So I think it’s time to address something that’s been bugging me for quite some time; an accusation that has been tossed around on our Cinecast (and others) far too often (of which I admit I am equally guilty). This notion that you’re “reviewing the movie not for what it is but what you wanted it to be.” I think that statement can careen down a real slippery slope and in most cases (not all) is totally invalid. Can’t you throw that accusation at anyone for just about any criticism of any movie? Our recent discussion of Rango has spurred these thoughts.

If someone were to say they didn’t like Speed Racer because the dialogue is terrible, I don’t think it’s fair to say, “well that’s just not what the movie was aiming for.” Well maybe not, but that doesn’t mean it’s an invalid criticism. The dialogue is pretty terrible in that movie. It’s hackneyed, elementary and corny. Sure it may be reminiscent of the original animated television show and sure that may be what the producers intended but that doesn’t mean someone has to like it or that it couldn’t have been done better. I personally happen to like Speed Racer quite a bit but I wouldn’t argue with anyone who walks out of the screening and says, “man I just don’t think I could’ve taken one more second of Susan Sarandon’s one dimensional character and her campy acting!” That’s an absolutely fair comment to make.

So yes, that person wanted that movie to be something different. In essence, any review out there that is negative of something is essentially saying just that isn’t it? If the film had done something just a little bit different it might be more positive looking in that particular “critic’s” viewpoint.
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Everyone Loved “The King’s Speech” – Especially Britain

About a month ago I told everyone I know to mark David Fincher’s The Social Network on their Oscar ballot right now. It was a lock. It’s over. Guaranteed. While I will be sticking with that pick, it’s looking more and more like a closer race than I thought. The King’s Speech has been eating up audiences and the buzz is pretty much at its peak. On top of that, it nabbed 7 BAFTA’s last night (winning half of their 12 nominations) which just keeps the freight train a truckin’. Having said that, Fincher did get the win for Best Director and Best Screenplay, so I think there’s still a chance his film will get Best Picture come Oscar day.

Other than that, nothing here all that surprising or hard to predict. Another ho-hum Oscar season in which just about everything is either a lock or a 1 in 2 chance of winning. So just like last year, it seems there are really only two horses in this race. Who will cross the finish line first?

BAFTA Winners:

Best Film
The King’s Speech

Outstanding British Film
The King’s Speech

Director
David Fincher – The Social Network

Outstanding Debut By A British Writer, Director Or Producer
Chris Morris – Four Lions

Leading Actor
Colin Firth – The King’s Speech

Leading Actress
Natalie Portman – Black Swan

Supporting Actor
Geoffrey Rush – The King’s Speech

Supporting Actress
Helena Bonham Carter – The King’s Speech

Original Screenplay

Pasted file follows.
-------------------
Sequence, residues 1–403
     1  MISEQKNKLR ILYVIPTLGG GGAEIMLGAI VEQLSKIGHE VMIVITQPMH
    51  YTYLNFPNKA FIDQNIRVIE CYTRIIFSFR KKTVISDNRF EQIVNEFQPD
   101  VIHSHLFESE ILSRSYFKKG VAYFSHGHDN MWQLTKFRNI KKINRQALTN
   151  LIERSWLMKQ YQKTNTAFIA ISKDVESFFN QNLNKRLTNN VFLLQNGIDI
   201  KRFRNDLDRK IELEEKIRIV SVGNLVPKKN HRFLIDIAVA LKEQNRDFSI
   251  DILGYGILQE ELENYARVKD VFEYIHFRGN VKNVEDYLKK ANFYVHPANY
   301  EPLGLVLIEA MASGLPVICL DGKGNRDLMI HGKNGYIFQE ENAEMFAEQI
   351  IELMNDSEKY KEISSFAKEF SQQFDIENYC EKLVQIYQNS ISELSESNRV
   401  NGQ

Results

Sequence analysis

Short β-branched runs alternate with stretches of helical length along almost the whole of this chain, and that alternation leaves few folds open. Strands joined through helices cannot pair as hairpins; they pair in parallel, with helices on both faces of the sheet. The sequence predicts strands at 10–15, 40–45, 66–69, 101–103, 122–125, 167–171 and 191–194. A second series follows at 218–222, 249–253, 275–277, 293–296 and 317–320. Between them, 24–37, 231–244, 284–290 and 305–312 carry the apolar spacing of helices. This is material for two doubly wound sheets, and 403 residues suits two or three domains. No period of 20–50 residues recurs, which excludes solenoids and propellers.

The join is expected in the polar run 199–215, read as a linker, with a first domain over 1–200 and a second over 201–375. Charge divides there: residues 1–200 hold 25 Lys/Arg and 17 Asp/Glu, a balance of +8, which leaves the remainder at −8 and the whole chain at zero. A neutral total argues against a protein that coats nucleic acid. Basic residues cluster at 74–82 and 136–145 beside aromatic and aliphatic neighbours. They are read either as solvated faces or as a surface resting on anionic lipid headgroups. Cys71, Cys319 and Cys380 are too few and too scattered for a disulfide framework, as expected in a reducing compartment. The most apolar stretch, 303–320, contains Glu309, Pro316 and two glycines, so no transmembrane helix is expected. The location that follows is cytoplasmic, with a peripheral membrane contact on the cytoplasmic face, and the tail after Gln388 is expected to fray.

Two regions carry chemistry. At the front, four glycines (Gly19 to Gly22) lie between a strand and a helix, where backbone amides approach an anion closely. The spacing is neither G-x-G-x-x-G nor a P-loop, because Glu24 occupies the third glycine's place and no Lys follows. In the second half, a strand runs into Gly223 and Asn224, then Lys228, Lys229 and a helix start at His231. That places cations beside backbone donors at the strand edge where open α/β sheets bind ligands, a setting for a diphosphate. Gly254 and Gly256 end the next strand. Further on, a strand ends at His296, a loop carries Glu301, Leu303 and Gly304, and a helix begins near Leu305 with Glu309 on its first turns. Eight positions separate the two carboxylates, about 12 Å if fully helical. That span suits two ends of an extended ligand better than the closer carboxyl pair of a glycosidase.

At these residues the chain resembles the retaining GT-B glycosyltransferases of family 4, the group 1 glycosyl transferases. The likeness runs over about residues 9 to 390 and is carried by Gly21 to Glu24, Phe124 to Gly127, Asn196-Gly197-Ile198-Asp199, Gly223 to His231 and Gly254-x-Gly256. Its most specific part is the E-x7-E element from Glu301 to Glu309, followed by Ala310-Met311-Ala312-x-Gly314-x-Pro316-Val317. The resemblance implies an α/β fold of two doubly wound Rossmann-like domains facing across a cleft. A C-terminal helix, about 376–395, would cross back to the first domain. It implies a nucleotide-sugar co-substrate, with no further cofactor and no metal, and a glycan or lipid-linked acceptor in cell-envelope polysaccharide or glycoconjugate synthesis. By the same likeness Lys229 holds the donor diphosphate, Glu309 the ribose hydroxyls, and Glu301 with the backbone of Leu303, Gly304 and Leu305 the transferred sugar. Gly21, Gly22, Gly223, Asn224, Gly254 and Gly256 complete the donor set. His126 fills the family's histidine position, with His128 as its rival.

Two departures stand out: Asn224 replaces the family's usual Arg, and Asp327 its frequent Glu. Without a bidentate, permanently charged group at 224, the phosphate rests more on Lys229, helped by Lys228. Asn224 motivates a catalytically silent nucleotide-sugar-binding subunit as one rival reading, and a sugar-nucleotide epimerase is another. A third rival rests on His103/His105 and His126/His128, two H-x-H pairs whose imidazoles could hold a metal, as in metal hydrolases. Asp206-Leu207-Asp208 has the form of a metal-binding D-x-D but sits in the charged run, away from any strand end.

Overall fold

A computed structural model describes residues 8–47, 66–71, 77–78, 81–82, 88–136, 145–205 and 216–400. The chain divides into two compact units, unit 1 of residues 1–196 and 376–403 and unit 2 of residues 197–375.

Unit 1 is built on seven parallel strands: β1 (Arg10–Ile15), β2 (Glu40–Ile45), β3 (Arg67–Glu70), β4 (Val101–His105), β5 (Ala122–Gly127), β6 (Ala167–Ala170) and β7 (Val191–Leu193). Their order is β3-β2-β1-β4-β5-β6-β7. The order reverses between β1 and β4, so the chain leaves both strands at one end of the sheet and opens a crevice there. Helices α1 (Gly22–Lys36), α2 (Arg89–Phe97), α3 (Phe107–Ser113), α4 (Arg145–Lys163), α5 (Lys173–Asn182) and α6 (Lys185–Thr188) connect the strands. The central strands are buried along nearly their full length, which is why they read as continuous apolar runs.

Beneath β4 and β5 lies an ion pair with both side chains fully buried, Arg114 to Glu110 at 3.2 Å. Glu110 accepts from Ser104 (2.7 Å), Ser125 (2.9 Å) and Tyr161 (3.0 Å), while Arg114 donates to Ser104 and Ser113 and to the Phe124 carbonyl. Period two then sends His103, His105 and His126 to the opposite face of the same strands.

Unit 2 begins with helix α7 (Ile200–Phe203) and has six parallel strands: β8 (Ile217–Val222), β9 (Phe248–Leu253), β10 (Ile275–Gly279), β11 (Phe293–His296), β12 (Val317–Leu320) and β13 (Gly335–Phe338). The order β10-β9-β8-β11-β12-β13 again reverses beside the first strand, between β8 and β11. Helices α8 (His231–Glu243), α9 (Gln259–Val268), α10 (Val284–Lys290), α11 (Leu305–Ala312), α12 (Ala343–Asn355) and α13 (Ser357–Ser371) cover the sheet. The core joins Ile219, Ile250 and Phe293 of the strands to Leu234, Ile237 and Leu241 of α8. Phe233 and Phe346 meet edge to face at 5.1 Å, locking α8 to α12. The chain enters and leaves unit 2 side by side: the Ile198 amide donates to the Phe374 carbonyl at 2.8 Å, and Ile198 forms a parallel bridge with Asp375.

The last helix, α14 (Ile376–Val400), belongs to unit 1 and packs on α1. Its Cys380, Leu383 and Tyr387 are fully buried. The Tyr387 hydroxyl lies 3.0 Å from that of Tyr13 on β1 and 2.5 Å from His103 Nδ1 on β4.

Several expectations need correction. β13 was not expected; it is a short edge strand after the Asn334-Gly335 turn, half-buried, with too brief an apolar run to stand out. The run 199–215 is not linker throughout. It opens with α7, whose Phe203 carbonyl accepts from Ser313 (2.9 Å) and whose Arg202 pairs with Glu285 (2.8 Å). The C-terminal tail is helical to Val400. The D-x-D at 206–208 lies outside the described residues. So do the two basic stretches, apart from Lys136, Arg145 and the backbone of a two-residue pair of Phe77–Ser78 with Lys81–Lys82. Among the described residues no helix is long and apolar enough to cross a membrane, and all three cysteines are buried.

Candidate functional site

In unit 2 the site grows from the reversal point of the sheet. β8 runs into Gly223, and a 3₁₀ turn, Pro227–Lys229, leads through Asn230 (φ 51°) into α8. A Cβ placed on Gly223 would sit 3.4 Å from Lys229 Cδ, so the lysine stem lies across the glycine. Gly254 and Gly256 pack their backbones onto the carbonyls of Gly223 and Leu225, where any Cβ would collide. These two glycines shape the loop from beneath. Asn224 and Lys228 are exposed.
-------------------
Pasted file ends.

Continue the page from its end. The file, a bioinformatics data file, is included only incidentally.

The King’s Speech – David Seidler

Adapted Screenplay
The Social Network – Aaron Sorkin

Film Not In The English Language
The Girl With The Dragon Tattoo

Animated Film
Toy Story 3

Original Music
The King’s Speech – Alexandre Desplat

Cinematography
True Grit – Roger Deakins

Editing
The Social Network – Angus Wall, Kirk Baxter

Production Design
Inception – Guy Hendrix Dyas, Larry Dias, Doug Mowa

Costume Design
Alice in Wonderland – Colleen Atwood

Sound
Inception – Richard King, Lora Hirschberg, Gary A Rizzo, Ed Novick

Special Visual Effects
Inception – Corbould, Franklin, Lockley, Bebb

Make Up & Hair
Alice in Wonderland – Valli O’Reilly, Paul Gooch

Short Animation
The Eagleman Stag – Michael Pleas

Short Film
Until the River Runs Red – Paul Wright, Poss Kondeatis

Orange Wednesdays Rising Award
Tom Hardy

 
 

The Other Woman: Natalie Portman

Portman’s other film at TIFF last fall didn’t play to critics and fans as well as her current, Oscar contending project, Black Swan received. In fact apparently it was received rather negatively. “Love And Other Impossible Pursuits,” now being released to North American audiences as The Other Woman will already be upon us within the next few days. Personally, I hadn’t even heard of the film – maybe overshadowed by its Aronofsky directed older brother – but now it looks like the studio plans to latch on to the popularity of Black Swan and get this thing in theaters now while the buzz is still blazing.

Directed by Don Roos (”The Opposite Of Sex,” “Happy Endings”), the film revolves around Portman’s character who steals a man from his wife and then must bond with her new stepson while dealing with the loss of her own child. It looks like pretty heavy handed melo-drama but in this camp that isn’t always a deal breaker. In fact it’s quite often a selling point. It looks clear (from the trailer below) that Portman will continue her streak of awesome performances; co-starring with Lisa Kudrow, Lauren Ambrose and Scott Cohen.

We’re getting the film via on demand next week (Jan. 1) and then a theatrical distribution begins on February 4th. I don’t know, Portman alone is enough to get me to watch and I tend to enjoy gawking at others’ misery. So I may get my trusty ol’ PS3 downloading this asap. Is this your kind of thing? Will critics warm to it? Check out the trailer under the seats and sound off…